PERREAULT Magazine September 2014 - Page 56

GLOBAL FUTURIST

School of Unlearning - Lesson #6

STUDY AT AN ANTI-LIBRARY

Jack Uldrich is an acclaimed global futurist, compelling keynote speaker and best-selling author. His past works include, The Next Big Thing is Really Small: How Nanotechnology Will Change the Future of Your Business; Jump the Curve: 50 Strategies to Help You Company Stay Ahead of Emerging Technology; Unlearning 101:101 Lessons in Thinking Inside-Out the Box, and, most recently, Higher Unlearning: 39 Post-Requisite Lessons for Achieving a Successful Future. He is the founder and “Chief Unlearning Officer” of The School of Unlearning— an international consultancy designed to help organizations succeed tomorrow by unlearning today.

JACK ULDRICH

Study at an Anti-Library

”There is a huge difference between what people actually know and how much they think they know.” – Nassim Taleb

Which of these animals is more likely to kill you: A shark or a deer?

The right answer is the deer. In fact, the contest isn’t even close. You are 300-times more likely to be killed at the hands—or the “hoof” if you will—of a deer than a shark. The reason a vast majority of people incorrectly answer this question is because shark attacks, although quite rare, are easy to imagine and vividly recalled. For example, it is not uncommon for television news stories to report shark attacks even when those attacks occur thousands of miles away; and, if you are over the age of 40, you may viscerally recall the movie “Jaws.”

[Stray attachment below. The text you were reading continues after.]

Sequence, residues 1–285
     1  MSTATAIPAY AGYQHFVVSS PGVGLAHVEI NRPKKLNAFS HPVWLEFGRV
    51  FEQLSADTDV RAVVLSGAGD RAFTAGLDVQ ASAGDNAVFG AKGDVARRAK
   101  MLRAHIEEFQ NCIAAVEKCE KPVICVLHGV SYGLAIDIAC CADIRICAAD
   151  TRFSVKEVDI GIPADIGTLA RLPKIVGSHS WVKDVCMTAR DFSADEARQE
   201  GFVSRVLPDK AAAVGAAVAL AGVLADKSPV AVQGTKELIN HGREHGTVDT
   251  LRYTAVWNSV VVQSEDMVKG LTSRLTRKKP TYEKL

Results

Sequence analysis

On the other hand, instances of drivers striking deer on remote country roads and dying in the resulting collision, are much more common. They occur with such startling regularity that they rarely warrant more than a passing mention on the local news.

The discrepancy between the relative danger of sharks and deer is a poignant reminder of that old adage: What we don’t know is more important than what we do know. One of the better ways to remind of ourselves of our ignorance—and to remain open to the concept of unlearning—is to keep our ignorance top-of-mind. One of the more effective strategies for doing this is to create an anti-library. As Nassim Taleb recounts in his provocative and insightful book, The Black Swan, an anti-library is a collection of books that one hasn’t read.

Perreault Magazine - 56 -